"To be truly radical is to make hope possible, rather than despair convincing." - Raymond Williams

A post-doom conversation, with Michael Dowd

by Shaun Chamberlin on August 22nd, 2019

When the bestselling theologian Reverend Michael Dowd invited me to open his ‘Post-Doom’ series of interviews on dealing with the widespread foreboding about climate chaos, societal collapse, and ecological ‘doom’, I didn’t imagine how beautifully warm and touching a conversation it would be!

We forged a real connection and it was an absolute pleasure to get to know such an authentic man.

Just click play above, or for a list of topics covered and links to jump straight to them, head through to Youtube and click “Show More” under the video.

Humanity – not just a virus with shoes

by Shaun Chamberlin on August 6th, 2019

As awareness spreads of the ecocidal consequences of our civilisation, I increasingly hear opinions to the effect that humanity is nothing but a plague, a parasite. A virus with shoes…

Disgust at what is unfolding on our planet – yes, clearly driven by human beings – is completely understandable and justified. Yet, speaking as a human being, the ‘virus with shoes hypothesis’ is a depressing viewpoint.

It can even lead to the opinion (frequently expressed by those in favour of burying our heads in the sand) that people concerned about humanity’s impacts should do the world a favour and kill themselves. Indeed, as this hypothesis continues to spread, I don’t doubt that it has contributed to actual suicides.

So it seems worth highlighting that it isn’t true.

Read more »

Deep solidarity

by Shaun Chamberlin on April 5th, 2019

Sometimes, like Kant, I’m moved to write by reading something I so profoundly disagree with. Tonight, curiously, I’m moved by a wish for a little less disagreement.

Reading Jeremy Lent’s excellent post What Will You Say To Your Grandchildren? and seeing it so passionately take issue with Jem Bendell’s “dangerously flawed” calls for Deep Adaptation, I just felt deep solidarity with both.

I left a comment on Jeremy’s piece, then thought I’d expand it a little and post it here too, because, in truth, vigorously debating the question of whether it’s all too late is not where I want to see these two outstanding gentlemen spend their potency.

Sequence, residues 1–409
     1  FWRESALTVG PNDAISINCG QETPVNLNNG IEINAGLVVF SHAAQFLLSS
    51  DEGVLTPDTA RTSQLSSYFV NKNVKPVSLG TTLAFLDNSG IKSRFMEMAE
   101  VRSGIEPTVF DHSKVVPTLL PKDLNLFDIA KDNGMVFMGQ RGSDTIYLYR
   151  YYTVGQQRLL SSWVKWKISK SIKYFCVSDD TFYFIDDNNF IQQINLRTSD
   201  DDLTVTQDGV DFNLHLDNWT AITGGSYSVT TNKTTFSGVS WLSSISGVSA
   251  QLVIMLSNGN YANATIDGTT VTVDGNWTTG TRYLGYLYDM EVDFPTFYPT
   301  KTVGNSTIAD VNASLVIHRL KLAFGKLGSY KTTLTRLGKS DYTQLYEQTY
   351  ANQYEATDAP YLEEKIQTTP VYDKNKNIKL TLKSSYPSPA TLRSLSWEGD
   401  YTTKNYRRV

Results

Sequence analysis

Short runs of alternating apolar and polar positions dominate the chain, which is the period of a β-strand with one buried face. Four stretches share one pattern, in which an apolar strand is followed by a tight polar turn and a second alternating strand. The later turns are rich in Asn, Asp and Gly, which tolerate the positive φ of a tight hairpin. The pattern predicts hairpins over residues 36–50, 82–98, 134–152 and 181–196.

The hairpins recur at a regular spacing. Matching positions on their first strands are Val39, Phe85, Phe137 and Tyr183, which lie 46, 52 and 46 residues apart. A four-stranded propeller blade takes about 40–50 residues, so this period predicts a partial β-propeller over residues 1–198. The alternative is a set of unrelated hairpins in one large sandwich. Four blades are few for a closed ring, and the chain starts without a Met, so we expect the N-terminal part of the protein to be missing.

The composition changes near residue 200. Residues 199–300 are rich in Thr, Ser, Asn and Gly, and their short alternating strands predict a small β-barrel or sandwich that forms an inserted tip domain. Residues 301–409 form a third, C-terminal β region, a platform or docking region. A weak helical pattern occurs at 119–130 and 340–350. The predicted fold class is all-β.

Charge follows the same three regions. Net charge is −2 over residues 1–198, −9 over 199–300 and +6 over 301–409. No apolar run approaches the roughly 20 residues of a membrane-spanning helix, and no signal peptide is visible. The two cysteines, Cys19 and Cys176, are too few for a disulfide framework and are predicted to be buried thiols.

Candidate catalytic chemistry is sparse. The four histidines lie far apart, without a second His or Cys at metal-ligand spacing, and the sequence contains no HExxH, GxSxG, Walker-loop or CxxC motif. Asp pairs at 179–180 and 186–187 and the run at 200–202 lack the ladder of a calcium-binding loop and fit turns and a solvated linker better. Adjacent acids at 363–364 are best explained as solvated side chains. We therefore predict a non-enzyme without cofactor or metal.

The more critical question – I believe they would both agree – is what to do in these times. And, counter-intuitively and doubtless controversially, I’ve come to believe that the answer to the first question isn’t necessarily central to that. Wendell Berry’s words bear repeating:
“Protest that endures, I think, is moved by a hope far more modest than that of public success, namely, the hope of preserving qualities in one’s own heart and spirit that would be destroyed by acquiescence.”

For me, standing in resistance to the system driving mass extinction is not dependent on knowing – or even believing – we might succeed.
Read more »

Why I’m Rebelling against Extinction (wait, should that really need explaining..?)

by Shaun Chamberlin on November 18th, 2018

Shaun Chamberlin - Dark Optimism - Extinction Rebellion - Blackfriars bridge

I got arrested for the first time in my life this week. And I’m proud of it.

As long-time followers of this blog know, over the past 13 years I’ve tried everything I know to get our society to change its omnicidal course. I’ve written books, co-founded organisations, taught courses, worked in my community, lobbied governments, given talks, participated in grassroots discussion and action…

I’ve failed. We’ve all failed. As a global society we are accelerating towards oblivion, and taking everyone else with us.

And last week, someone said something that stuck with me. That if everyone around you is carrying on like everything’s fine, then no matter how much one reads or understands intellectually about a situation, it’s so difficult not to go along with that. Equally, if you’re somewhere and everyone else starts screaming and running for the exit, then you probably start running for the exit, even if you have no idea what’s going on.

Read more »

Dark Optimism – The Album

by Shaun Chamberlin on February 18th, 2017

Because why not?

I have a passion for tracking down that elusive rarity – eco-songs that don’t suck! And thanks to several Dark Optimism readers, my collection’s growing, from a wide range of genres.

Back in 2011, I published the first ‘Dark Optimism album’, but sadly it was lost due to my using an external MP3 player which later disappeared.

Just hit play below for the 2017 edition, with a few more recent favourites added to the mix:


Honourable mentions also to these pieces from Nick Cave & The Bad Seeds, Akala and RapNews, each brilliant in their own way, but not quite hitting the spot for this collection. Enjoy!

And any more songs (or other creative responses) that you’d like to share greatly welcomed in the comments below.

Fee and Dividend or TEQs? In the aftermath of Paris COP21, what *should* effective climate policy look like?

by Shaun Chamberlin on December 21st, 2015

We Saved The World